A couple of years ago, in my first flush of excitement at doing a Master’s degree involving a substantial slice of Old English, I wrote two blog posts linking the Surrey place-names Wanborough and Clandon with hitherto-unacknowledged literary references from a charm and OE Herbarium respectively. I was on the look out for a third such name-literature pairing, because trios of things are somehow especially satisfying to me. Not sure exactly why this is, but, whether you see it positively (like De La Soul) or negatively (every time there’s a major air disaster my father remarks that these tragedies come in threes), I’m clearly not alone in imbuing the number three with a particular significance. Anyway, I didn’t come across another example at the time and my attentions moved on to other things (coursework, mainly).
My discovery of the third (but in the grander scheme of things hopefully not final!) reference had to wait until Christmas Day last year. Among the presents I received was Towns & Topography: Essays in Memory of David Hill, an if I’m honest slightly-disappointing collection of papers on various topics united by their affinities to the research interests of the book’s late, great dedicatee. One of its more interesting contributions is that authored by Mark Atherton, entitled ‘”Sudden Wonder”: Urban Perspectives in Late Anglo-Saxon Literature’. In the course of a mere nine pages he quotes from and analyses a wide variety of Old English-period texts, some of which were familiar from reading other bits of scholarship within this field (The Ruin, Legend of the Seven Sleepers), others more or less brand new to me.
Detail from the illustrated Old English Hexateuch; not sure which folio, but it’s one of those images related to royal justice that gets reproduced in loads of works so it shouldn’t be hard to find out for yourself (photo via Wikimedia Commons, you know the score)
Falling into the latter category was the illustrated Old English Hexateuch (a.k.a. BL Cotton Claudius B. iv), an eleventh-century work produced at Canterbury (or else by one or more person with a Canterburian connection). Atherton highlights a depiction on folio 60v. – click here to see it for yourself in all its digitised glory – of the Pharoah’s presentation of a wife to Joseph, who had not long before been appointed ‘reeve over all Egypt’, which is accompanied by the following text etymologising the name of the city of which her father was priest (quoted here along with Atherton’s translation):
of þære byrig þe is genemned Eliopoleos, þæt is on Englisc, ‘Sunnan buruh’
‘of the city that is called Eliopoleos, that is in English, “Sunbury”‘ (Atherton 2014, 80)
Thanks to Atherton’s rather literal translation (the Old English glossing might be read as spelling out the meaning of “city of the sun” to the reader), it didn’t require a great leap of the imagination to make the connection with Sunbury-on-Thames. An estate of Westminster Abbey from the late tenth century (until 1222), there is a run of genuine Old English spellings of the place-name which can be equated with Sunnan buruh: (æt, to) Sunnan byrig 962 (S 702), (æt, into) Sunnanbyrg c.968 (S 1447). Sunbury also appears in a number of other Westminster charters that purport to date from before the Norman Conquest but in reality are later forgeries. The spellings – Sunnabyri (S 1293, S 1043), Sunnanburig (S 894), Sunnabury (S 1039), Sunnabyrig (S 1040) – are fairly reasonable attempts at replicating the OE form(s). Domesday Book renders it as Sun[n]eberie.
The heart of historic Eliopoleos, I mean, Sunbury-on-Thames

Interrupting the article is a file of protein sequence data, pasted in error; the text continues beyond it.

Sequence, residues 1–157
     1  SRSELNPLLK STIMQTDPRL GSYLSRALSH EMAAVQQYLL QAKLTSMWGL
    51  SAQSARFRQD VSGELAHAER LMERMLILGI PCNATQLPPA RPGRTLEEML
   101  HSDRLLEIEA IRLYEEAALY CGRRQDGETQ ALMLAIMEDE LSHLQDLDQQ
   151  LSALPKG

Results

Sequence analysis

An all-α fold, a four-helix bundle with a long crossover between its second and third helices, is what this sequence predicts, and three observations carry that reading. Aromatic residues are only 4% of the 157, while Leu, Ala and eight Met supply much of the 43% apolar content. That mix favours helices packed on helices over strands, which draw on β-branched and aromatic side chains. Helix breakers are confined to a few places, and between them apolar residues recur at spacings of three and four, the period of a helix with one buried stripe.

Despite the philological similarities, the most credible etymology for the place-name Sunbury is unfortunately not the same as for Eliopoleos, rather “*Sunna‘s stronghold or manor” (hence CDEPN, 589, here adjusted to reflect the understanding of the second element proposed in VEPN, 74). The specific would be the genitive singular inflection of a weak masculine personal name *Sunna (the equivalent female form *Sunne is possible, too), the generic the genitive or dative singular of the very common noun burh (of which the Heaxteuch’s buruh is a reflex). The personal name is unattested (note should be taken of the late-recorded dithematic man’s name Sunngifu, however), but would credibly stand for a byname arising from the masculine noun sunna, ‘the sun’ (cf. the more common feminine version sunne). In origin, it was perhaps a reference to the colour of the hair or complexion of the person in question – hence, when travelling in China, my blonde-haired girlfriend was told on at least one occasion that her hair was “bright like the sun”.
Over the years, some (see, for instance, Bailey 1989, 114) have made a connection between Sunbury and the various place-names upstream along the River Thames in Berkshire which derive from OE *Sunningas (Sonning, Sunninghill, Sunningdale), a presumed tribal name going back to a male figurehead named Sunna, and first documented in the earlier 670s as prouincie que apellatur Sunninges (“the province which is called *Sunningas“; the spelling is likely to represent a 13th-century modernisation of the OE original – for a discussion of the name and province, see Kelly 2015, 102). While Sunbury is not so many miles away from the Berkshire name cluster, it strikes me as perverse that the tribe’s eponymous figurehead could have had his stronghold (real or imagined) at a remove from what is safe to assume as being the territorial centre in east Berkshire. While there simply isn’t the evidence with which to discount a direct link altogether, there seems no harm to proceeding by treating Sunbury as a name formation in its own right, potentially one of later formation than the *Sunninga(s) derivatives.
Thames Street in Sunbury, decked out with bunting to celebrate, er, how great bunting is?
Historically, Sunbury was part of Middlesex until 1965, when Sunbury-on-Thames and Staines Urban Districts were transferred to the county of Surrey. Nine years later, the urban districts were merged and reconfigured as Spelthorne Borough, which interestingly represents a revival of the local Domesday Hundred name. It’s nothing personal against the area, but I’m always a little cautious about taking Surrey Medieval into matters to do with Spelthorne. In this case, however, I have a very good reason for sticking with Sunbury, as there’s an Old English mystery I believe I can solve.
The mystery of “Sunna‘s hyg“